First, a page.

Family Defense Clinic celebrates 25 years providing interdisciplinary family representation

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For 25 years, the Family Defense Clinic—founded by Fiorello LaGuardia Professor of Clinical Law Martin Guggenheim ’71—has championed an interdisciplinary model that pairs lawyers with social workers to represent and rehabilitate families in child welfare cases. Now that model stands to influence policy throughout the United States. On December 17, Casey Family Programs, a national foundation focused on foster care, awarded NYU a $250,000 grant to conduct a two-year study comparing the institutional, interdisciplinary model to the solo practitioner model, in which lawyers typically don’t see parents outside court.

Martin Guggenheim

“In child welfare cases, what happens out of court means everything,” Guggenheim said. Shortly after founding the clinic—the first of its kind—he realized that clients needed advocates not only in court but also at foster agency conferences. Soon, NYU Law students were working with MSW candidates from the NYU Silver School of Social Work to support clients, most of whom are poor and non-white. This led to what Adjunct Professor of Clinical Law Christine Gottlieb ’97, the clinic’s co-director, calls the “gold standard” in family defense.

Christine Gottlieb

“Our investigatory, prosecutor system of child welfare is highly problematic because the case worker who is ostensibly offering you a service is also the person who’s wagging their finger at you,” Gottlieb said. “Our social workers are able to discuss with parents what would actually be helpful to their family in a way that is from a supporter and an ally.”

Over time, the clinic’s model has helped raise the bar for family defense in New York City. In 2007, influenced partly by the clinic, the city signed with three institutional providers to supply holistic representation for parents in cases of abuse and neglect: the Center for Family Representation; the Bronx Defenders; and Brooklyn’s Legal Services (now the Brooklyn Defender Services Family Defense Practice, with which the clinic partners). Monica Drinane ’81, a former supervising judge in Bronx County Family Court, claimed that better parent representation has forced even the Administration for Children’s Services to “up their game.” “It’s a much more satisfying job to think that the issues that are coming before the court are being hotly debated,” she said. “It ultimately makes for better decisions for families.” And Jane Spinak ’79, co-founder of the Child Advocacy and Family Advocacy Clinics at Columbia Law School, has praised the growing understanding of “how much children, even children whose parents have neglected them, or who have been charged with neglecting them, want to be with their parents.”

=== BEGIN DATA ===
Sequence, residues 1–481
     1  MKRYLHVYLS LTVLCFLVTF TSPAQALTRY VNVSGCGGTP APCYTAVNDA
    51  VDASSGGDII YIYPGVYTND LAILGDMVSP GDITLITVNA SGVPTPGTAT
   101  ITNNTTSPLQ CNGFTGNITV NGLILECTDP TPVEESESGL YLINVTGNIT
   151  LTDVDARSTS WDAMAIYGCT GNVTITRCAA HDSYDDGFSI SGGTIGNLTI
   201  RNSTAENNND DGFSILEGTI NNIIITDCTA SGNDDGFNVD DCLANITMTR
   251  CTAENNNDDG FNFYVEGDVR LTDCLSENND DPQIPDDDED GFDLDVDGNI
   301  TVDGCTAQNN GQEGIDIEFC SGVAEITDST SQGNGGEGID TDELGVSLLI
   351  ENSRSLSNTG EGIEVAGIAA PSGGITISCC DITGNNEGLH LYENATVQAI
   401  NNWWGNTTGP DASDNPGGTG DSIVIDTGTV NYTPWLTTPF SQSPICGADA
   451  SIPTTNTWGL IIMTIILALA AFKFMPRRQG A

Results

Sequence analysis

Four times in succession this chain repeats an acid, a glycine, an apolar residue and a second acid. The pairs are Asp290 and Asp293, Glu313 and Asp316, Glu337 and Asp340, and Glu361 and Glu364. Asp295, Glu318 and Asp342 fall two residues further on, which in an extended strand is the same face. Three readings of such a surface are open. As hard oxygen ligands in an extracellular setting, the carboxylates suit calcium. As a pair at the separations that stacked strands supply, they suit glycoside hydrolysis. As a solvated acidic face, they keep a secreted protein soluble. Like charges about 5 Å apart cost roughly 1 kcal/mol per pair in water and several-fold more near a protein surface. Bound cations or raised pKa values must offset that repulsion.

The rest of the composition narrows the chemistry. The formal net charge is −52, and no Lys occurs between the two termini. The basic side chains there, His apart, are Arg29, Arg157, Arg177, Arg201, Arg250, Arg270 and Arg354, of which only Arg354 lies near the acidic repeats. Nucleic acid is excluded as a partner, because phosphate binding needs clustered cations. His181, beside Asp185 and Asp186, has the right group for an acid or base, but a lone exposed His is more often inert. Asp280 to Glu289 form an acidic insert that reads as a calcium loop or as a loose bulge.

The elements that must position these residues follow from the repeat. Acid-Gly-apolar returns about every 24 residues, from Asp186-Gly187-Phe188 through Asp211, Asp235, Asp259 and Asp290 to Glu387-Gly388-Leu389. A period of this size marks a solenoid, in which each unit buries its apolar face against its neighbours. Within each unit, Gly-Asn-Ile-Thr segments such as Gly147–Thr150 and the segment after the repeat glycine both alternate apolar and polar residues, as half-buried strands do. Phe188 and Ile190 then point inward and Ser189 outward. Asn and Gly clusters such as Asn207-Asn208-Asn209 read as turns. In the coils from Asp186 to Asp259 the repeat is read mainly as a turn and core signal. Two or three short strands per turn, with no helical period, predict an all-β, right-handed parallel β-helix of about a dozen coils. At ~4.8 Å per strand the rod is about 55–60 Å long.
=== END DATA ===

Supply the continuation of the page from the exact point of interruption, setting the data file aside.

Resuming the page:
Karen Freedman ’80, executive director of Lawyers for Children, said, “None of this would have happened if Marty hadn’t started shouting for this change.”

Guggenheim hopes that this two-year study, to be conducted by independent researchers, will make the case for using federal dollars to support the spread of interdisciplinary, institutional providers across the country. “I see us four years from now rolling out the argument at a congressional hearing.”

Until then, Guggenheim and Gottlieb continue a tradition of rigorously training young lawyers to think critically and decide what steps to take in their cases. “Marty and Chris provide a perfect mix of guidance and independence, which allows us to feel ownership over our cases and to practice making critical decisions in the supported, clinic environment,” Samantha Lee ’16 said.

Stacey Platt ’91, co-director of the Loyola School of Law’s Civitas Child Law Clinic, still considers her experience in the clinic’s first year invaluable. “It makes me a little concerned when I think about how I would have been as a child advocate without that guidance from Marty and without learning to incorporate that respect for families and respect for communities.”

Patrick Clark ’12, a Bronx Defender staff attorney, said, “Getting my client’s child out of foster care was the most gratifying experience of the clinic, in the short run. In the long run, the best thing about this clinic is that it’s truly on the vanguard of parental and family defense.”

On April 7, the clinic will co-host a symposium with the Review of Law & Social Change, celebrating a quarter-century dedicated to nurturing a once-controversial idea—that children have the right to be raised by their families.

Posted January 26, 2016